Jehuda Reinharz was born in Haifa, Israel, in 1944. He received his high school education in Germany and immigrated to the United States as a teenager in 1961.
Prof. Reinharz earned concurrent bachelor’s degrees from Columbia University and the Jewish Theological Seminary of America. He earned his master’s degree in medieval Jewish history from Harvard University in 1968 and his doctorate in modern Jewish history from Brandeis University in 1972.
Prof. Reinharz was the first professor of Jewish history at the University of Michigan from 1972 to 1982, where he established the program in Judaic Studies and became a full professor.
In 1982, he became the Richard Koret Professor of Modern Jewish History in the Department of Near Eastern and Judaic Studies at Brandeis University. Two years later, he was named Director of the Tauber Institute for the Study of European Jewry at Brandeis and eight years later founded the Jacob and Libby Goodman Institute for the Study of Zionism and Israel. From 1991 to 1994, Prof. Reinharz served as Provost and Senior Vice President for Academic Affairs. In 1994, he became the seventh President of Brandeis University. In January 2011, Prof. Reinharz assumed the presidency of the Jack, Joseph and Morton Mandel Foundation.
Prof. Reinharz is the author or co-author of more than one hundred articles and thirty-one books in various languages. His Jew in the Modern World (3rd edition 2011), co-edited with Paul Mendes-Flohr, is one of the most widely adopted college texts in modern Jewish history. His two-volume biography of Chaim Weizmann, the first President of Israel, has won many prizes in Israel and the United States and his book, co-authored with the late Ben Halpern, entitled Zionism and the Creation of a New Society, was published in 1998 and re-issued in a revised paperback edition in 2000. His three latest co-authored books (with Prof. Yaacov Shavit) are Darwin and His Kind (published in Hebrew in 2009); Glorious, Accursed Europe (published in 2010), which analyzes the relationship of Jews to Europe from the 18th century to the present; and The Scientific God, which deals with popular science in Eastern Europe in the second half of the 19th century (published in Hebrew in 2011). In 2013, Reinharz co-authored The Road to September 1939 (published in Hebrew) with Yaacov Shavit, as well as Die Sprache der Judenfeindschaft im 21.Jahrhundert, co-authored with Monika Schwarz-Friesel. He is now completing with Prof. Motti Golani of Tel Aviv University, the third and final volume of the biography of Chaim Weizmann.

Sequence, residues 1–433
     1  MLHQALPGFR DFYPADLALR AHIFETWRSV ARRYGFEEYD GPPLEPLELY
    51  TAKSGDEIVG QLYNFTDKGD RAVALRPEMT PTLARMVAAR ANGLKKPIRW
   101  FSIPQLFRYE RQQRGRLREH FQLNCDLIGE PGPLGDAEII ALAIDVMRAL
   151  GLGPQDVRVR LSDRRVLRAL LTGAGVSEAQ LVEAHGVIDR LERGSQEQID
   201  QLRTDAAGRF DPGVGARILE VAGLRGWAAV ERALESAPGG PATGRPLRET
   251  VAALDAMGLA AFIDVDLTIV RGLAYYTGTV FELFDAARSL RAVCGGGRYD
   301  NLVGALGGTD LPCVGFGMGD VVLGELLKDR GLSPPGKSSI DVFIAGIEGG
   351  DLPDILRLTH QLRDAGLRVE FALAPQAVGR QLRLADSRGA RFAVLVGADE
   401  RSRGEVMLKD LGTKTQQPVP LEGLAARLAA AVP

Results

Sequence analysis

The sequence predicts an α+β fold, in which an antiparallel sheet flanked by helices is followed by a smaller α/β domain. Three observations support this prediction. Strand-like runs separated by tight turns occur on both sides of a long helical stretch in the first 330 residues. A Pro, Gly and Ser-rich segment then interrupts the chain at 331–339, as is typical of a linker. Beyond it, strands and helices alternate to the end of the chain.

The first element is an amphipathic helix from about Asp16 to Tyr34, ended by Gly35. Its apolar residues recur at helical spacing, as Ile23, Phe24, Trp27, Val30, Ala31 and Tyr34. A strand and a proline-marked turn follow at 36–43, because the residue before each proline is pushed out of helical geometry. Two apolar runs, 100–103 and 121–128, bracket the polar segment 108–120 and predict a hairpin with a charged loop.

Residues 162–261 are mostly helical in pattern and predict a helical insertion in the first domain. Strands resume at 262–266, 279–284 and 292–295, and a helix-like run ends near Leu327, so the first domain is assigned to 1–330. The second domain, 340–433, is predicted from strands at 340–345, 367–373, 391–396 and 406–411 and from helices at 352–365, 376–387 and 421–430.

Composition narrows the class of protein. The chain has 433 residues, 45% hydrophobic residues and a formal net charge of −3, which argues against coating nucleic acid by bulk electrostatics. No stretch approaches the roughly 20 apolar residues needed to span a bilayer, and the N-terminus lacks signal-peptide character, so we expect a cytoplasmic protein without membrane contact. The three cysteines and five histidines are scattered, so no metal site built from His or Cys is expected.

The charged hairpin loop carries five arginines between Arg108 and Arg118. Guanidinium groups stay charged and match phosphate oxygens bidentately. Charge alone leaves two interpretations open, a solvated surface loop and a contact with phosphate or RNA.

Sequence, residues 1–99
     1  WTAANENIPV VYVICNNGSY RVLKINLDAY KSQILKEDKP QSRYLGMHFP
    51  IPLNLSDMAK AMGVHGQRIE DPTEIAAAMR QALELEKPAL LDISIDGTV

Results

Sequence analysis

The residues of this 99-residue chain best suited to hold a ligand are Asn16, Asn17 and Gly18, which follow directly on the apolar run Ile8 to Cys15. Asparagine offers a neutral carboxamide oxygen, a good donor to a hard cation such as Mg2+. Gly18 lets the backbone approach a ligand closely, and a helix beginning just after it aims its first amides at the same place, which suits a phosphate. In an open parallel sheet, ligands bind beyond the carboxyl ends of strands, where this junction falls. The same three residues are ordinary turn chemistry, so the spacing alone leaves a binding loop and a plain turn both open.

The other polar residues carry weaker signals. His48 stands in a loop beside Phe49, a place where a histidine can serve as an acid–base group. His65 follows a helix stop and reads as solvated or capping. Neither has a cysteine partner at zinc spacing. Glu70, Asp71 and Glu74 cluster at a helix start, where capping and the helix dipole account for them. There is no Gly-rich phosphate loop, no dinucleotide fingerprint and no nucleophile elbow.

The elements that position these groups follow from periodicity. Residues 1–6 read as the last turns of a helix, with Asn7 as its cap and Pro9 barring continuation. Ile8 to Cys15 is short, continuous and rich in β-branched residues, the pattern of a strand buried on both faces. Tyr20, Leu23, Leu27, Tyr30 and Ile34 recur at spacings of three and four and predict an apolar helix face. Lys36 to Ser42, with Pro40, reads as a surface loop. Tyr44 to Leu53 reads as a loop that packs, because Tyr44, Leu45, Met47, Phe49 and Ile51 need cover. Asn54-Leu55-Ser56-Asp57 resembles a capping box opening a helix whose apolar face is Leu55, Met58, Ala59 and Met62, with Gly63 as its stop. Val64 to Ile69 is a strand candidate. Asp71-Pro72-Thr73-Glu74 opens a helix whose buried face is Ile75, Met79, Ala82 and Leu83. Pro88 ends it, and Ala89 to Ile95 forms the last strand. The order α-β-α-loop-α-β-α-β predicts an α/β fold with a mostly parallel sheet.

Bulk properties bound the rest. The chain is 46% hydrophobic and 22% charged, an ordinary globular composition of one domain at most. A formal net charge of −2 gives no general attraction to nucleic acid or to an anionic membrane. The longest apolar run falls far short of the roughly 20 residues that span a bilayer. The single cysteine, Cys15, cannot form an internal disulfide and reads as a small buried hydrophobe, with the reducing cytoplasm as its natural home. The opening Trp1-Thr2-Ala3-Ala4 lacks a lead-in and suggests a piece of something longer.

Most recently, Prof. Reinharz co-wrote a book on the history of the donkey in literature (with Prof. Yaacov Shavit). The book, The Donkey: A Cultural History, was published in Hebrew (2014). On this subject, Prof. Reinharz has said: “No one has ever contemplated this history on a large scale… It’s probably the most ambitious topic Prof. Shavit and I have ever contemplated.”
Prof. Reinharz is the recipient of seven honorary doctorates, including one from the Weizmann Institute of Science. In 1992, he was elected a Fellow of the Royal Historical Society. In 1995, Prof. Reinharz was elected a member of the American Academy of Arts and Sciences and in 1999 he was elected a member of the Council on Foreign Relations. In addition, he serves on a number of boards and advisory committees.
Jehuda Reinharz is married to Shulamit Reinharz, professor emerita of sociology at Brandeis University. They have two daughters, Yael and Naomi.